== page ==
Kumari Nahappan’s art pieces are well-known throughout the world and having been invited to the prestigious Venice Biennale is a testament of her mastery in the field. To be able to showcase her works overseas and getting heaps of recognition for it speaks volumes of Nahappan’s unique perception of integrating her cultural beliefs and roots into the contemporary art scene that’s traditionally dominated by western ideals.
Prior to being a full-fledged artist, Nahappan was an interior designer and also taught the history of art, architecture and design at a school. She moved to Singapore in the late ‘80s and has since based in the sunny island.
Catch a glimpse of Kumari Nahappan’s works in the exhibition, The Call Of The Sea. Ahead is an exclusive interview with the artist where she shares more about herself and her creative process.
You originate from Malaysia (Klang), you are now based in Singapore. Tell us about your first steps as an artist?
I have been based in Singapore for the last 31 years. Recollection is not an easy one. Deep interest and connecting ‘dots’ were probably the first steps. In time the dots changed to punctuation marks and I created works in various mediums visually and coined them into a series. I see my works as [a] continuum. It builds and layers over time.
What is your creative process like?
Depending on the subject matter the creative process changes. I am a firm believer in first hand information, hence my research takes me to basics. Exploring, experimentation, gardening, reading, photography, travel are all part of the process. The methodology is woven like a spider’s web incorporating multiple processes to reach the ‘goal’. (This is when the heart, the head and the hand come together.)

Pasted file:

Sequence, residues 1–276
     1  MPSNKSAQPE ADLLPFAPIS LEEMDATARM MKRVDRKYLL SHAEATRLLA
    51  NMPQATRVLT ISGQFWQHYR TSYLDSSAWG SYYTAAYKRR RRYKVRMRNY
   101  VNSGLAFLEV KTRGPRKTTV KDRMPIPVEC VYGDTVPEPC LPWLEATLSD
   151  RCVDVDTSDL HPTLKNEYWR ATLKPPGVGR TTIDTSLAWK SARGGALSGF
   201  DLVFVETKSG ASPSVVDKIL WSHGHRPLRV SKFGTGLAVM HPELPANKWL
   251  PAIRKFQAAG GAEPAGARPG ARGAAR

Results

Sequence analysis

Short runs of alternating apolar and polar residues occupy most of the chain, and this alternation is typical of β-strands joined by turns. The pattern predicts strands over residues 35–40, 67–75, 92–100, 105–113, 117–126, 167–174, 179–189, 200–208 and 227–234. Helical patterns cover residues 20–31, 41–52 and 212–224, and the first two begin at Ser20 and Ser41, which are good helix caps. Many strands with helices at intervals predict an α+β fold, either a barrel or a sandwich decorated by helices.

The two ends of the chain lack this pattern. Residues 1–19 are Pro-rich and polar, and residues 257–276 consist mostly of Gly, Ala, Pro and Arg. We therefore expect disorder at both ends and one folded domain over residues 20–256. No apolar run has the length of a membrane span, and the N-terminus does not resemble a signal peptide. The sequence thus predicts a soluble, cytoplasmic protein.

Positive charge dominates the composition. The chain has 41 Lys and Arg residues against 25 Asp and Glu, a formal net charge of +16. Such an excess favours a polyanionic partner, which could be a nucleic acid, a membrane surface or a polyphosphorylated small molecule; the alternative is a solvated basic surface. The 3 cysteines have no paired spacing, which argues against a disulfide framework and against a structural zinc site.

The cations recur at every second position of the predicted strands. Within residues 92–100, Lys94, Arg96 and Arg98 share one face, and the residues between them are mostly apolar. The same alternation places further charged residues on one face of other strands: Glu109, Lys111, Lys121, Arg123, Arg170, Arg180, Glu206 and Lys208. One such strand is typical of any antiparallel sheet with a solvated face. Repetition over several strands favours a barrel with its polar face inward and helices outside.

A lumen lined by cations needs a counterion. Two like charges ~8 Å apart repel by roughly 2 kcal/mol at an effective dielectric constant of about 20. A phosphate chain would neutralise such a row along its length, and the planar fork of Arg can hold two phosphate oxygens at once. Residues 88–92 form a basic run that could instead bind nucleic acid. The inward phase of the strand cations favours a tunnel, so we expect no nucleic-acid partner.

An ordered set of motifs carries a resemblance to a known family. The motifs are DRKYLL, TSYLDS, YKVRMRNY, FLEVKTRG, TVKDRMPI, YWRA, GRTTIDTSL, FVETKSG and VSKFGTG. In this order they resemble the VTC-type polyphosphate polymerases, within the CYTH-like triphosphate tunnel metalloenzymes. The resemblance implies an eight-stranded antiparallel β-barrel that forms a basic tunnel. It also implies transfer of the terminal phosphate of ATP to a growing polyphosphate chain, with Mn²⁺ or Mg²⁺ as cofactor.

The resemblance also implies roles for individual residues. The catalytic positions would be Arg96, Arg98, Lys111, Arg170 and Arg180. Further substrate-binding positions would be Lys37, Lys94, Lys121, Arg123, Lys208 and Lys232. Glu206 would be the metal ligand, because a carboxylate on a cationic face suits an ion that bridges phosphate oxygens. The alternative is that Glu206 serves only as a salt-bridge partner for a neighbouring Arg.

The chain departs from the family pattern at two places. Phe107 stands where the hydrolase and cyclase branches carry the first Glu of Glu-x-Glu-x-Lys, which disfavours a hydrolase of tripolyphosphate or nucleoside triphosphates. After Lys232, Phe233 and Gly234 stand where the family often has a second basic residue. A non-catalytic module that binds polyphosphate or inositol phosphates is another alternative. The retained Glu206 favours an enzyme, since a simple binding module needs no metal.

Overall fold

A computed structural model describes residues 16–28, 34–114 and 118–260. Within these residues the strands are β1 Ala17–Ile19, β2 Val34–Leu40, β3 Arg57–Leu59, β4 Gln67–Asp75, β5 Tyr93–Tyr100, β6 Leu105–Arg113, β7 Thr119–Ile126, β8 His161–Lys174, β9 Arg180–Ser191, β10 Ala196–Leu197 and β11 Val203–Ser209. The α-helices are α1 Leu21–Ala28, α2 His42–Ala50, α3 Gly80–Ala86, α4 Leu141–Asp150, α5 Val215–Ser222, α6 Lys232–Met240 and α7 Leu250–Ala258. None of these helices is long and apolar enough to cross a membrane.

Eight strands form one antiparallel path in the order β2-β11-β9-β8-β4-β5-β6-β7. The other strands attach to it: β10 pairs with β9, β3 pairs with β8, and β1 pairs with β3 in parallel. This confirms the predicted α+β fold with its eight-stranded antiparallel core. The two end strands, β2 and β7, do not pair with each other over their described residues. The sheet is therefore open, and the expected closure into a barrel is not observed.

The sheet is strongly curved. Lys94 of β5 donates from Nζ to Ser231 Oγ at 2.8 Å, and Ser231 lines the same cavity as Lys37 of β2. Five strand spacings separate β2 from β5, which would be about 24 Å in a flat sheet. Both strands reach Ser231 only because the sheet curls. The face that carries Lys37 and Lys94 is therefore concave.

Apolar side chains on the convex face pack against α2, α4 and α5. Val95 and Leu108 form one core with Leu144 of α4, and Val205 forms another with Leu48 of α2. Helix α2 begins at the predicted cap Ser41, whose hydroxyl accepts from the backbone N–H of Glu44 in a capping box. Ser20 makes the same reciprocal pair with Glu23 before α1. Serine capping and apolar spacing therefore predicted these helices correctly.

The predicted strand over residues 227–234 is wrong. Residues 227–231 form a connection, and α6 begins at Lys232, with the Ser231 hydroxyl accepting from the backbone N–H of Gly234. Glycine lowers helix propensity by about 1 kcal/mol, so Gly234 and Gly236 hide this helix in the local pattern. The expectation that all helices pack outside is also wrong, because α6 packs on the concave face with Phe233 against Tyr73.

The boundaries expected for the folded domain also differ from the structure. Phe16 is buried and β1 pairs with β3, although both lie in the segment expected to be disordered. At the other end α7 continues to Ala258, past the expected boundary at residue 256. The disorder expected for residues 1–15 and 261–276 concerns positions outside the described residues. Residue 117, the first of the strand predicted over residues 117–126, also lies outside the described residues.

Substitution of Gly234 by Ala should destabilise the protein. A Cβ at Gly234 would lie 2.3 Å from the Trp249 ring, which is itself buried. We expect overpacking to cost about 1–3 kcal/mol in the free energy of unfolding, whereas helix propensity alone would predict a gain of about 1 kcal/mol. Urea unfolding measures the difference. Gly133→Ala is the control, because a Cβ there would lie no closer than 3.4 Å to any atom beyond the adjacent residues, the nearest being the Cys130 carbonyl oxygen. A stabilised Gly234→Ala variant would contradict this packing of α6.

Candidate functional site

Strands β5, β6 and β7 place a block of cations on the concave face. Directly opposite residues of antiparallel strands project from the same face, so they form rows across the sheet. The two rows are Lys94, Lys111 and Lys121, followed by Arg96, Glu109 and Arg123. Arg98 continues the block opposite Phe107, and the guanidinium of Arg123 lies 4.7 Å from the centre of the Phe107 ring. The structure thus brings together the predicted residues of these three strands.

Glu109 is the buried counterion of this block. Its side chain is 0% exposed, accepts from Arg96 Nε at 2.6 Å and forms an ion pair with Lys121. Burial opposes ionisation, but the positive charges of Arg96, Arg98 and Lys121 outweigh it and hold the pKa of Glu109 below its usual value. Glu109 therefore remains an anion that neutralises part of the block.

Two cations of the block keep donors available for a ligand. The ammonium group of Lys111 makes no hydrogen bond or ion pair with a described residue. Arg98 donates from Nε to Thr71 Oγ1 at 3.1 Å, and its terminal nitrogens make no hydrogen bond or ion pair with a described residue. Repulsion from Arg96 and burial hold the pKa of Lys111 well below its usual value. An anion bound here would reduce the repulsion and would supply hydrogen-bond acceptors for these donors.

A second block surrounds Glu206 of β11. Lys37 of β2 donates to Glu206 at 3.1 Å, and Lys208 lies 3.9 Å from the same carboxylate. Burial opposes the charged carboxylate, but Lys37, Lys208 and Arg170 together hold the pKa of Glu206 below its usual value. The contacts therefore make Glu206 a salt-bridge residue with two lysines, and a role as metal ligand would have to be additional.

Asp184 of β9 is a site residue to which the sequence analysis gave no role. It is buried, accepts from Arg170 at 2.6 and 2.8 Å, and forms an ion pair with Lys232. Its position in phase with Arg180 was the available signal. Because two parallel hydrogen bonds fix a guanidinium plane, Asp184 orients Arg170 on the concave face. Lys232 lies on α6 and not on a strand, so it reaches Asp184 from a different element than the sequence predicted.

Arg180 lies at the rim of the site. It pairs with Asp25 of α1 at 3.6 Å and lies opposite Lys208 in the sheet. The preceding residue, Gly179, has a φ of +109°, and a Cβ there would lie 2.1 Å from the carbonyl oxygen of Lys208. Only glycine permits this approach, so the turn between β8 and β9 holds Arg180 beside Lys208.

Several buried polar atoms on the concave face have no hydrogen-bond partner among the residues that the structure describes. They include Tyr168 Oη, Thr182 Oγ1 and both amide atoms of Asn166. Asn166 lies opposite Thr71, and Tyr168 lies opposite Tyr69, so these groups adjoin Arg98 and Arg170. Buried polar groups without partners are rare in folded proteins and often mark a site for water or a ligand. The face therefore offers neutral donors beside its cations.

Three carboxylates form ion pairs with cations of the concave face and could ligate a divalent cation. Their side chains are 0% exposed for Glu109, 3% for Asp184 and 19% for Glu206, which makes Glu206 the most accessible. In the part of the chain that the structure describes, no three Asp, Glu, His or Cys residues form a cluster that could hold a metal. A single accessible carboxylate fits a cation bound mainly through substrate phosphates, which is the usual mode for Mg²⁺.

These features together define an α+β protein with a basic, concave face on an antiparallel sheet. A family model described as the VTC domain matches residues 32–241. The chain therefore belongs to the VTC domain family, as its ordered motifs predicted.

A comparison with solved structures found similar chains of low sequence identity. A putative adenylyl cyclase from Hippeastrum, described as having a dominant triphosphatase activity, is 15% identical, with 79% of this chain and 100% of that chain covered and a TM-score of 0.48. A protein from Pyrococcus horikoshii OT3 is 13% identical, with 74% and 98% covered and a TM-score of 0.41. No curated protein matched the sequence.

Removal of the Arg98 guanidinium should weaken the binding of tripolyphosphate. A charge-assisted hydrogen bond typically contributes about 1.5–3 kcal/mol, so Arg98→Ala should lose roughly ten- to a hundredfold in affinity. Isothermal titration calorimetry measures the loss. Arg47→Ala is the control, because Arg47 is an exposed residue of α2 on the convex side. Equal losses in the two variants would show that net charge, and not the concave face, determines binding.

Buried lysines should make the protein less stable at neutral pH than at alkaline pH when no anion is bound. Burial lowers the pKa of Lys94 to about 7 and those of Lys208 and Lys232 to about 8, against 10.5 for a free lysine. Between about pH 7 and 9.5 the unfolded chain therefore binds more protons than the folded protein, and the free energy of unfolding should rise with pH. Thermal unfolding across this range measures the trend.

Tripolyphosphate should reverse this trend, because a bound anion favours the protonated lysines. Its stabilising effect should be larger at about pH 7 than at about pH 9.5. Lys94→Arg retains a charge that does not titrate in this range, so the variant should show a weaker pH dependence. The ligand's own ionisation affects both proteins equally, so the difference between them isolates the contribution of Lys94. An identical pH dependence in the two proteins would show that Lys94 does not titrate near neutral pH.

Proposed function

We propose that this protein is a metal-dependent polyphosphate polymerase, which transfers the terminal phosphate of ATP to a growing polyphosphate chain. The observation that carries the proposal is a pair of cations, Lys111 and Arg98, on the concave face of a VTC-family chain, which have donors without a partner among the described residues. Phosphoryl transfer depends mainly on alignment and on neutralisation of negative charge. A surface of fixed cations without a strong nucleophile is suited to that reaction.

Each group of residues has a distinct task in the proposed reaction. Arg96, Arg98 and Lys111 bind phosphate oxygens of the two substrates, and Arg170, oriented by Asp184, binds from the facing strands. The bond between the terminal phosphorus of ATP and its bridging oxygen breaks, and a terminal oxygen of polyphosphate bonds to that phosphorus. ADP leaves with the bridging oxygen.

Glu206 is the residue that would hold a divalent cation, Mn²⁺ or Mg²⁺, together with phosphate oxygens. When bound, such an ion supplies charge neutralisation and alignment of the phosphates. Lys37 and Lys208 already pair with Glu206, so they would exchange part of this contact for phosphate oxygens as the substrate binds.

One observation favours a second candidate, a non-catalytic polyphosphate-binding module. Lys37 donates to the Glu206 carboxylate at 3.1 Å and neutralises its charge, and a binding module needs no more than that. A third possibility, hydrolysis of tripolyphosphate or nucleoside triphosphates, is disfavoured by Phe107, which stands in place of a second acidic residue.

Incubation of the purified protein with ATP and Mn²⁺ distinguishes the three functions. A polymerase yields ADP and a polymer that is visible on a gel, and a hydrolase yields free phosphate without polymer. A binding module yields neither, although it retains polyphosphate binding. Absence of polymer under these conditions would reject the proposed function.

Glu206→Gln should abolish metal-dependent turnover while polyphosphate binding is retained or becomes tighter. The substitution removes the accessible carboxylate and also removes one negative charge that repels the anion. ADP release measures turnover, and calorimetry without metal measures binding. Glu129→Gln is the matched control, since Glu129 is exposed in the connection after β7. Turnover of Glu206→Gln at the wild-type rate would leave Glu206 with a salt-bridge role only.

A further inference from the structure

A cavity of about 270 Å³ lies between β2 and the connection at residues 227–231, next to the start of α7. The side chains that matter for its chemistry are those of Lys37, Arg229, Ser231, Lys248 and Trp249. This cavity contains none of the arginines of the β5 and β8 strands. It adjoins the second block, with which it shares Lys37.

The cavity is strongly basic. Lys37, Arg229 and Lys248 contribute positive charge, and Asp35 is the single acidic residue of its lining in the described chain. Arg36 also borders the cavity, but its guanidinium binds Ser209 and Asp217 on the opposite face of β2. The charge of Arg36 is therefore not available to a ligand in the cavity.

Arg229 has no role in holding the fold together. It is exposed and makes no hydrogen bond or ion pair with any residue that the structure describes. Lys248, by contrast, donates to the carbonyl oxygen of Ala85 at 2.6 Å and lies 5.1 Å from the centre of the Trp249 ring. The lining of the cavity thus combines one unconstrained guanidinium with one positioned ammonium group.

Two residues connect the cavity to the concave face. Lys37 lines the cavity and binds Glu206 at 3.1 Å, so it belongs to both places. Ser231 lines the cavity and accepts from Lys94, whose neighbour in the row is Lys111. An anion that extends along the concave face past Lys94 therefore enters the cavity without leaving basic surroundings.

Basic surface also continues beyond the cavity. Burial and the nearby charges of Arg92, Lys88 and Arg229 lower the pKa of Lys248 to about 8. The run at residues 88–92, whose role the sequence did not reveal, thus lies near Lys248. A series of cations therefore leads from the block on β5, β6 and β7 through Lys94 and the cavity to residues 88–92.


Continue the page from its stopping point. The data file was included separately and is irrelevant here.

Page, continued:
Where do you find your inspiration? What is the most challenging part about creating your artwork?
Inspiration comes from life and experiences of daily life. Life opens many windows and from these compartments, you visualise images that tell you stories and in time I stitch these stories to make sense for myself. Challenges are part of the process and that is what I find most rewarding as it takes you to unknown spaces.
What emotions do you hope the viewers experience when looking at your art?
Be it painting, sculpture or installation I like it to be easy on the mind with multiple readings. I hope my audience will have an elevating experience when viewing the works. The ‘take away’ evolves with time and age.
You have today collectors around the world. You are referenced amongst the leading global art websites. What does such recognition inspire you?
Recognition is subjective. Ultimately, you carry on doing what defines you as an artist. Faith, hard work, patience is what takes you through this journey.
What is the role the artist plays in the society?
Roles of an artist can be varied. Depending on creations they can take a receptive audience on a journey in TIME. They can create awareness, provoke thought, build bridges and cross borders with an artistic licence.
The five words that describe best your art?
Energy, Space, Time, Playful, Monumental.
You published a book, “FLUXION”. Kindly let our readers know what will they discover inside?
‘FLUXION’ is a documentation of artworks created over 25 years. It is a monograph which took over 5 years to come together. It showcases paintings, sculptures and installations. It is an in-depth writing on Art & Thoughts by art historian, TK Sabapathy
What can visitors expect to see from you at THE CALL OF THE SEA?
THE CALL OF THE SEA showcases a cluster of 5 red seeds all attached (ODE TO 5). Seeds and pods are central to my practice. I look upon them as containers of energy. They bring to mind the potential within with endless possibilities.
If you were to name one mentor who has inspired you in your life and path as an artist, who would that be?
If I had to name one mentor who has inspired me in my life —- that would be ‘NATURE‘. It has never failed to amaze me!
The Call Of The Sea is an exhibition curated by Marina Oechsner de Coninck that features a group of 12 accomplished female artists. It is available for viewing from January 7th to the 13th at Selegie Art Centre. For more information, you can visit https://www.marinadesignworks.com/.
If you are interested in Kumari Nahappan’s works, you can visit her website www.kumarinahappan.com/.